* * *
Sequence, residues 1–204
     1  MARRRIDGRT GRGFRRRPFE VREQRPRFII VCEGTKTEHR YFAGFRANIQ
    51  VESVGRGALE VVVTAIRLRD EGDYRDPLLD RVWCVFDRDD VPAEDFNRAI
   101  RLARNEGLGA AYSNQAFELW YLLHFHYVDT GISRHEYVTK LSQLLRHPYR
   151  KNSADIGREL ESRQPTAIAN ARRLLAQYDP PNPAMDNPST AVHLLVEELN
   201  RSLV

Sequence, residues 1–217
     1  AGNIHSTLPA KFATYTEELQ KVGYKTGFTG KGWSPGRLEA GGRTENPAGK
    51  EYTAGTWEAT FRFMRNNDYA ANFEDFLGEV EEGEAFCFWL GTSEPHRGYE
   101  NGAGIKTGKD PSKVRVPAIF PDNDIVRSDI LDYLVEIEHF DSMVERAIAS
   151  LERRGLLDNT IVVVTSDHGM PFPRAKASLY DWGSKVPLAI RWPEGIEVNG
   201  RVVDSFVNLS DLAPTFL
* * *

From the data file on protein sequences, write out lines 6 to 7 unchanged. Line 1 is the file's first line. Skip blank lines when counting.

   201  RSLV

Sequence, residues 1–217